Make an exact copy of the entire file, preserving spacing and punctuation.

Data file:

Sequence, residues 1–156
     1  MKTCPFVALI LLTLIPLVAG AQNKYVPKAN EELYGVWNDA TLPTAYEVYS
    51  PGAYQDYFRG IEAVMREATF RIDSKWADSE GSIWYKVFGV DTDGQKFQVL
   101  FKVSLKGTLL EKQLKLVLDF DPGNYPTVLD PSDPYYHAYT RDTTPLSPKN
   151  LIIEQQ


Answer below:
Sequence, residues 1–156
     1  MKTCPFVALI LLTLIPLVAG AQNKYVPKAN EELYGVWNDA TLPTAYEVYS
    51  PGAYQDYFRG IEAVMREATF RIDSKWADSE GSIWYKVFGV DTDGQKFQVL
   101  FKVSLKGTLL EKQLKLVLDF DPGNYPTVLD PSDPYYHAYT RDTTPLSPKN
   151  LIIEQQ